Smol Melanesian Na Pasifik Nius Digest # 809

1) Sorcery killings violate rights

THE UNITED Nations (UN) system in Papua New Guinea (PNG) is gravely concerned by the torture and killing of Ms Kepari Leniata, a 20-year-old woman who was accused of using sorcery to kill a six-year-old boy in Mount Hagen on February 6, 2013, and other cases of sorcery-related violence reported by the national media in recent days.
The case of the late Ms Leniata is unfortunately one of many, and illustrates the need for urgent attention and action to address this serious human rights violation. Many such cases go unreported and grave injustice is done to the citizens of PNG.
The UN system in PNG is deeply disturbed with the rising number of cases of violence inflicted upon persons accused of sorcery across the country, the impunity shown to perpetrators of such acts, and the lack of support available for victims and their families.
Great concern is also expressed for the large number of women, men and children who are accused of practicing sorcery and subsequently attacked, tortured and killed or banished from their communities. During her 2012 visit to PNG, the UN Special Rapporteur on Violence Against Women, Ms Rashida Manjoo, described the gravity of the situation as a “pervasive phenomenon” and stated that sorcery is often used as a pretext to mask abuse of women and children. The UN is shocked to learn that within a week of the murder of Ms. Leniata, yet another media report appeared on the brutal gang rape and murder of an eight-year-old girl in Mount Hagen. In this case, two women were initially accused of using sorcery to cause the death of the young girl and were subsequently tortured until the post-mortem of the child determined the cause of the death was not sorcery related. These cases also highlight the blatant, brutal and inexcusable acts of physical and sexual violence inflicted upon women and children across the country; a culture of violence which is both undeniable and rampant.
“We urge the Government to take urgent action to end these harmful phenomena and to conduct fair and thorough investigations to arrest and prosecute perpetrators through the Criminal Code, and in accordance with its international obligations and the human rights principles enshrined in the National Constitution.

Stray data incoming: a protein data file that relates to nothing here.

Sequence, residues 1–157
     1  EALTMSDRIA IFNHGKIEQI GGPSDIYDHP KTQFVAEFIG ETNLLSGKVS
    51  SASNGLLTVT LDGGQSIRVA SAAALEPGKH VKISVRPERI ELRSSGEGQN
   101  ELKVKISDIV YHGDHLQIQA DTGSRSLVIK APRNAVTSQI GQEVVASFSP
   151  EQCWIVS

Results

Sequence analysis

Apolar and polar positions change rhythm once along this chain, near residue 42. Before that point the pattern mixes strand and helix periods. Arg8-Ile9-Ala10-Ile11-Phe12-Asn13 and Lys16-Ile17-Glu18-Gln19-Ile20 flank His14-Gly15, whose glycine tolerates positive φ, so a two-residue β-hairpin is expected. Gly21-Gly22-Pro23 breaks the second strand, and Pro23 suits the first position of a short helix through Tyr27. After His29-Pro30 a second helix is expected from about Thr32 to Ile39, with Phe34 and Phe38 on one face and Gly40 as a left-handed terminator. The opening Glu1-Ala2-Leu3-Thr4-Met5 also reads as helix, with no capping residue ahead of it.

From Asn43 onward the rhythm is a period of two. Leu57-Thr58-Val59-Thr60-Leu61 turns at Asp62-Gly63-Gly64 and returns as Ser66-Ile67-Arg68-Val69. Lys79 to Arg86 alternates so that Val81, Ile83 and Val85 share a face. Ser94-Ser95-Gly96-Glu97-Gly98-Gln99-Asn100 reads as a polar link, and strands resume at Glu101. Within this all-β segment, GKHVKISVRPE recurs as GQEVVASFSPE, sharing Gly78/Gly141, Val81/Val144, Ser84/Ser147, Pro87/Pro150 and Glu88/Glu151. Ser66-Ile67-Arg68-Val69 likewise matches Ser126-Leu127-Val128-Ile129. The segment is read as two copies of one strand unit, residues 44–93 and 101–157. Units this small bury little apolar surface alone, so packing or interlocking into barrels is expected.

“PNG is a signatory to the Convention on the Elimination of All forms of Discrimination Against Women (CEDAW). During the first periodic reporting on the CEDAW Convention in 2010, the Government made commitments to address sorcery-related violence against women as a priority. Unfortunately, this has not happened and a large number of citizens remain at risk of violence and possible death through sorcery-related accusation.
“We urge the Government to implement the recommendations made by the UN CEDAW Committee.
“We welcome the work and research by the Constitutional Law Reform Commission and the Department for Justice and Attorney-General on sorcery in Papua New Guinea and their review of the Sorcery Act.

2) Papua New Guinea government orders urgent military deployment to Indonesian border

Posted at 01:52 on 18 February, 2013 UTC

Papua New Guinea’s cabinet has approved 2-point-5 million US dollars to deploy defence force soldiers to patrol and protect the border with Indonesia.

The newspaper, The National, reports that the national executive council has moved with urgency to address problems between PNG citizens living in the border area and the Indonesian military.

PNG’s Prime Minister Peter O’Neill says the situation requires immediate national government intervention and for appropriate strategies to be adopted to ease the tension at the border.

Mr O’Neill ordered the Foreign Minister Rimbink Pato to issue a protest note to Jakarta expressing the government’s concern about the construction of Indonesian military posts in the border area.

He says Mr Pato is also to inform Indonesia’s government about continuous harassment of PNG people by the military and other illegal activities as reported by the National Security Advisory Committee’s investigation team.

Radio New Zealand International

3) Namah: Border issues are serious


OPPOSITION Leader and Vanimo-Green MP Belden Namah has warned that more than 10,000 PNG citizens from the border have moved to Indonesia and may next demand they move with their land to Indonesia.
Mr Namah told grievance debate in parliament that successive governments have failed to address the border issues.
He said the Indonesian side is more developed in terms of services, which is luring Papua New Guineans to move across the border to access these better services.
“If we are not careful, many of our citizens living near the border who are already attracted by Indonesian government services on the other side of the border, especially the 12 to 15,000 people in my electorate of Vanimo-Green, may move to the Indonesian side of the border, basically because successive PNG governments have not provided necessary services on our side of the border,” Mr Namah said.